The Boss (1973)

The Boss (1973)- * * *

Directed by: Fernando Di Leo

Starring: Henry Silva, Claudio Nicastro, Pier Capponi, Antonia Santilli, Gianni Garko, and Richard Conte

Set in Palermo, Sicily, Il Boss is the third of Fernando Di Leo’s trilogy (known as the “Milieu Trilogy”) which includes Milano Calibro 9 and The Italian Connection. Here, Henry Silva plays Lanzetta, a cold blooded and, some might say, expressionless hit man working for mob boss D’Aniello (Nicastro). 

Lanzetta manages a “wipeout” of an entire mafia family...except one, a guy named Cocchi (Capponi). Cocchi is bewildered and wants revenge. Hence, they kidnap D’Aniello’s daughter Rina (Santilli). Police Commissario Torri (Garko) is trying to get to the bottom of things but he just may have his own agenda - and yet another mob boss, Don Corrasco (Conte) seems to be running things, but is he? As all these various characters intertwine, what will become of them, and how will Lanzetta navigate these confusing and treacherous waters? Find out today!

Il Boss is another winner from the amazingly talented Fernando Di Leo. Not wanting to ever repeat himself, this part of his trilogy is actually very different from the others. Not just that, it’s very different from just about any Mafia movie out there. Because not only does it have the classic high-quality Di Leo shooting and editing, but it is also extremely well-written (if perhaps a tad over-written at times). It tackles social issues such as corruption, as well as another Di Leo trademark, the youth culture of the day. Starting with another absolutely killer opening sequence, you are immediately sucked into this world and it’s very effective.

Henry Silva (or, more accurately, Lanzetta) isn’t your average hitman. Usually they use pistols with silencers so no one knows they were there. Lanzetta clearly doesn’t care, as he uses a grenade launcher! Silva with a grenade launcher should be enough to recommend this movie right there. But while the violence intermixes with the serious-minded issues at work, we felt the movie was most effective during the scenes of mob violence set to Bacalov’s amazing score. Bacalov’s score absolutely rules here. He’s a musical genius that’s made a career out of excellent scores, but he outdoes himself this time. Taking his cues from the Italian prog movement that was huge at the time, Bacalov knocks this score out of the park. It gives you that intense feeling that the movie is working on all cylinders.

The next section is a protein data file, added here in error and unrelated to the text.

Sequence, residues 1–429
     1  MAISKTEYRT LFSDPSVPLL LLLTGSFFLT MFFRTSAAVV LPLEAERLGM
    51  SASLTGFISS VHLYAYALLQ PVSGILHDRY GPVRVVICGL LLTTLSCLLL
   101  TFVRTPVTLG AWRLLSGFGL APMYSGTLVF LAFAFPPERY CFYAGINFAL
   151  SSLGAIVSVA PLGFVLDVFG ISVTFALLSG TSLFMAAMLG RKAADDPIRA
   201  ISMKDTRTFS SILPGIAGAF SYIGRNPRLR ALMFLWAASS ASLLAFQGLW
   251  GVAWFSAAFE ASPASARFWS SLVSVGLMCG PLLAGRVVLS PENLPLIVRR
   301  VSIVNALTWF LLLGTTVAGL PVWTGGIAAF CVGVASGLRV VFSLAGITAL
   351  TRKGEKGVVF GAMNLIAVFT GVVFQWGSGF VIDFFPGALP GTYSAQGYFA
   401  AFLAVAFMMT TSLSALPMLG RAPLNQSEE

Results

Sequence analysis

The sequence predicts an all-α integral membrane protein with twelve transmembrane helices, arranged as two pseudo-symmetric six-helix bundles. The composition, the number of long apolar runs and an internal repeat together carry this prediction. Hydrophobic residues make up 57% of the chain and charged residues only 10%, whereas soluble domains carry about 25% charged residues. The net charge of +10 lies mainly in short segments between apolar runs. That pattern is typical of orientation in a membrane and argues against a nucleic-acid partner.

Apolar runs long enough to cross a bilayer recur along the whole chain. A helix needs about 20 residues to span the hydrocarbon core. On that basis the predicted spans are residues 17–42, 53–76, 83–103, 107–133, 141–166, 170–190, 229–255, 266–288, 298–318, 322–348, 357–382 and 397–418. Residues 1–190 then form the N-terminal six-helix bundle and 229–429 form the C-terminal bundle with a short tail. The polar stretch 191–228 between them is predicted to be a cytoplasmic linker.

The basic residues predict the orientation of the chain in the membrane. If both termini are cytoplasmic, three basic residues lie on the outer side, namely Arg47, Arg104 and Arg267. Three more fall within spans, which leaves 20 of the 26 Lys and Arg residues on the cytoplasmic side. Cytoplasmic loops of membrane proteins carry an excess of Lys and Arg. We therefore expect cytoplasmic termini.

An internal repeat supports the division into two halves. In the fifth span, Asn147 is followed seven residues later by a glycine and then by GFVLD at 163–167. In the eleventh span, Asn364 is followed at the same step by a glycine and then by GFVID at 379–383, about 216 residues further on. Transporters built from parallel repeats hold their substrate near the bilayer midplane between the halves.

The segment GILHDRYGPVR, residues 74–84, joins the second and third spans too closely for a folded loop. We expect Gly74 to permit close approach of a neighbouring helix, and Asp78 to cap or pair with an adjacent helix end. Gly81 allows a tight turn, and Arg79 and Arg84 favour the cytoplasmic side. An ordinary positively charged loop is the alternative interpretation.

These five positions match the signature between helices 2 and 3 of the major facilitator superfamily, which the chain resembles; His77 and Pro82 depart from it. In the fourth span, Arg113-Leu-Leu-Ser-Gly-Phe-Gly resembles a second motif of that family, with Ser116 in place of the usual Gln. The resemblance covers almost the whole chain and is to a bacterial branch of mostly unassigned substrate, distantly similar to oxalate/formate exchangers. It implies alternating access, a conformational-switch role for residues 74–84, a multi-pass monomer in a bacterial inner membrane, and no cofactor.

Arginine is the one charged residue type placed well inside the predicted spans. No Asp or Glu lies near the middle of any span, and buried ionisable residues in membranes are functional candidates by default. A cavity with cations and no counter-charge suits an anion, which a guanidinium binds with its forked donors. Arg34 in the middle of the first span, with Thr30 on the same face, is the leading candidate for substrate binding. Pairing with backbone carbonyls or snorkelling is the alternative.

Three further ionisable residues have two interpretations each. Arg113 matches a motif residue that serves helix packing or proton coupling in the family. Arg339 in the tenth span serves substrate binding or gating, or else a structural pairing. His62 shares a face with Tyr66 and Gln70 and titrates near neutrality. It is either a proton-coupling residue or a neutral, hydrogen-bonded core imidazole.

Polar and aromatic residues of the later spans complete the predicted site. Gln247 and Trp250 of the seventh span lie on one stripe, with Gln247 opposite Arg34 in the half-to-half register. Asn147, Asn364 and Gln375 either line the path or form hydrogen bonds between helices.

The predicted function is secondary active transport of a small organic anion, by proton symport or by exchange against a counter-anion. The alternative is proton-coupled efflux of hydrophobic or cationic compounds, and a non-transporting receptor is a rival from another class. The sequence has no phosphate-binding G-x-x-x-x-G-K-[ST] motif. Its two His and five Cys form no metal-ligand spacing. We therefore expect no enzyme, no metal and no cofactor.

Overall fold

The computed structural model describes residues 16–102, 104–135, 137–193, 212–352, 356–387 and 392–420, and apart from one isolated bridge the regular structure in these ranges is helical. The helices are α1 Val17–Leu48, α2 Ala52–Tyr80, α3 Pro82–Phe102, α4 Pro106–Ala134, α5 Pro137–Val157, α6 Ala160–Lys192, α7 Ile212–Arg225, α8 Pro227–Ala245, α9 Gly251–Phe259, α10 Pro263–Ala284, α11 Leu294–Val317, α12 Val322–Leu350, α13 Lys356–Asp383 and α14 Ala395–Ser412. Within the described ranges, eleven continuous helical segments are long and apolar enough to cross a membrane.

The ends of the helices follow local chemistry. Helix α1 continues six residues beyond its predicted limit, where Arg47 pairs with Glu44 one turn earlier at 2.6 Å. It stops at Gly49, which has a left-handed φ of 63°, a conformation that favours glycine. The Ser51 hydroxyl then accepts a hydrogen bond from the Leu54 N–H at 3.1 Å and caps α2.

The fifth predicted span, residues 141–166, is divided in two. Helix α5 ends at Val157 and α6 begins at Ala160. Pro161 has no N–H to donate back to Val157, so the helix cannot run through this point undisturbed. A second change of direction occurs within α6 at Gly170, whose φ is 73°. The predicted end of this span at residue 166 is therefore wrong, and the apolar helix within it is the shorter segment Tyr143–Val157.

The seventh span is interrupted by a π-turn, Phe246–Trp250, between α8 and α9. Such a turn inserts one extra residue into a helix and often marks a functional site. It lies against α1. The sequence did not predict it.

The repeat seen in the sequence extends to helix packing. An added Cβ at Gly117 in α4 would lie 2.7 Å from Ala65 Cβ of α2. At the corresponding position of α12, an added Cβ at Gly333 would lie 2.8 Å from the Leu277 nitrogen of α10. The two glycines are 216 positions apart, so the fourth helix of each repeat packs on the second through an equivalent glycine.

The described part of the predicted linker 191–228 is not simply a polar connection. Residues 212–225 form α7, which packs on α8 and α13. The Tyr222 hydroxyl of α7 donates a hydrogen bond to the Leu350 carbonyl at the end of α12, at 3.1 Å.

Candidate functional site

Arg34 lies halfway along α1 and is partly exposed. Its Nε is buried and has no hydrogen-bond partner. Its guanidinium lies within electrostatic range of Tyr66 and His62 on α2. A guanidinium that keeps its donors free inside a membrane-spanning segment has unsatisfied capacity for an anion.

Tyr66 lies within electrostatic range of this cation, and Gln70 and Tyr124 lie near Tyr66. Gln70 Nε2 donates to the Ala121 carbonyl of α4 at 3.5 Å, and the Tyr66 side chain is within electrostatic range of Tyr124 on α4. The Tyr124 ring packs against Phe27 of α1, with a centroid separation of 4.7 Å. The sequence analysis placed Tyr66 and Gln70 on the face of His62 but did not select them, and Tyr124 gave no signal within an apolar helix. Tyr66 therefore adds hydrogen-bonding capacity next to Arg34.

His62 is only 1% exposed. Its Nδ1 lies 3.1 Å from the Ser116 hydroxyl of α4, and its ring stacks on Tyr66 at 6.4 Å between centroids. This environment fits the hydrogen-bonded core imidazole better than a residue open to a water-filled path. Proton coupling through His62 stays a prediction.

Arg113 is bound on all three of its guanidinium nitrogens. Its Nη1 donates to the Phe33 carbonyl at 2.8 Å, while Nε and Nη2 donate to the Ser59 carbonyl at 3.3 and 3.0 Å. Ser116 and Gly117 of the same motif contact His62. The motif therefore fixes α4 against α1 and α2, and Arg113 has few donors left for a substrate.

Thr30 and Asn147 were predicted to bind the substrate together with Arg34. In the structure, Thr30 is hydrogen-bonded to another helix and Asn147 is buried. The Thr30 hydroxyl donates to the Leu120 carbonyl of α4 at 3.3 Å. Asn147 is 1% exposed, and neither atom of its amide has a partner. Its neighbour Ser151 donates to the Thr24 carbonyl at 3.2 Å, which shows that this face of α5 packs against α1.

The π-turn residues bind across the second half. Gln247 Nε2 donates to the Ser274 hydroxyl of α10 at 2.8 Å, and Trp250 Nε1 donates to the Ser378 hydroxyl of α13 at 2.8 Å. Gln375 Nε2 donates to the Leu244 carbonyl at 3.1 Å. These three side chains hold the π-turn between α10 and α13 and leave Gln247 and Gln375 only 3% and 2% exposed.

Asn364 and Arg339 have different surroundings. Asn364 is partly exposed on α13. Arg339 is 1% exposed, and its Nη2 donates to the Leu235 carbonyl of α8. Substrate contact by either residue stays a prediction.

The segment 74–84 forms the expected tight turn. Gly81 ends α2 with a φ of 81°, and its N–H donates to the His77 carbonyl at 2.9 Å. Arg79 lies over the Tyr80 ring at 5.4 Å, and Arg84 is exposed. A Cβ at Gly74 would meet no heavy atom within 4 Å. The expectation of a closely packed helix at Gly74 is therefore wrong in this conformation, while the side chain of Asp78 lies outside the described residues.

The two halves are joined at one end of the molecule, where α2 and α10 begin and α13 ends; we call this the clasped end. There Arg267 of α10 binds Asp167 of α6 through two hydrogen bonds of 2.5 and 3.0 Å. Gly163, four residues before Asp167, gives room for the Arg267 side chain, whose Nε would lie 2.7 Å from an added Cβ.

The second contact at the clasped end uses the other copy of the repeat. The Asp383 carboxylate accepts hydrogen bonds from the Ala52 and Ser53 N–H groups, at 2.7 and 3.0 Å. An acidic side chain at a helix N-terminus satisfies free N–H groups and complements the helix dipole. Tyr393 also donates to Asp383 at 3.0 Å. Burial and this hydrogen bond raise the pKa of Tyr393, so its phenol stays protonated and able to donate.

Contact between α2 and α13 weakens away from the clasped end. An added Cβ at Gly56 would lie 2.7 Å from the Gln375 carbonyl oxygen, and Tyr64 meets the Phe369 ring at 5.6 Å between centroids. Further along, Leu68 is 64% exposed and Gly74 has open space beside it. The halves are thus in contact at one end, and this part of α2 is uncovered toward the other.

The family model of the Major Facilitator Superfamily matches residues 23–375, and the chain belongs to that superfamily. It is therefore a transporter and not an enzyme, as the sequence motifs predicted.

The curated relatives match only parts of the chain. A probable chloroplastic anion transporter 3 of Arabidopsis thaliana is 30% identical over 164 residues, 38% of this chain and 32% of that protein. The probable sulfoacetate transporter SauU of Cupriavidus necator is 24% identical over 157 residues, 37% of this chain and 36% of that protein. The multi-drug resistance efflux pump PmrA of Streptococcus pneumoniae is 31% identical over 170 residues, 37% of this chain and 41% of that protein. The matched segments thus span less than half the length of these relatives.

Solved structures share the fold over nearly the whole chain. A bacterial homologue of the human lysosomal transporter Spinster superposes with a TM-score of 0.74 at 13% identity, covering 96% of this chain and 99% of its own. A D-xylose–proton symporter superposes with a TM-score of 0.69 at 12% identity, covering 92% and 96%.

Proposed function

Di Leo’s movies are so impactful because of a combination of technical mastery, music choices and social and psychological insights. This manifests itself especially interestingly in Il Boss with Santilli’s Rina character. So Di Leo’s movies have withstood the test of time far better than a lot of his contemporaries. That being said, this movie is kind of talky at times and is arguably the weakest of the trilogy, but it’s still a good movie that’s well worth seeing.

Plus you have to see the Raro DVD. I (Brett) originally saw this movie on the VHS release by 3 Star Home Video. The Raro DVD not only is widescreen with subtitles, I believe it’s significantly longer, at 112 minutes. The 3 Star tape obviously does not compare. There was another VHS release back in the day (also under the name Wipeout) but I’m not sure of the label. But it’s a moot point, as this DVD is the clear choice for collectors and viewers.

Il Boss is the Mafia movie done right, and it should be seen.

Comeuppance Review by: Brett and Ty

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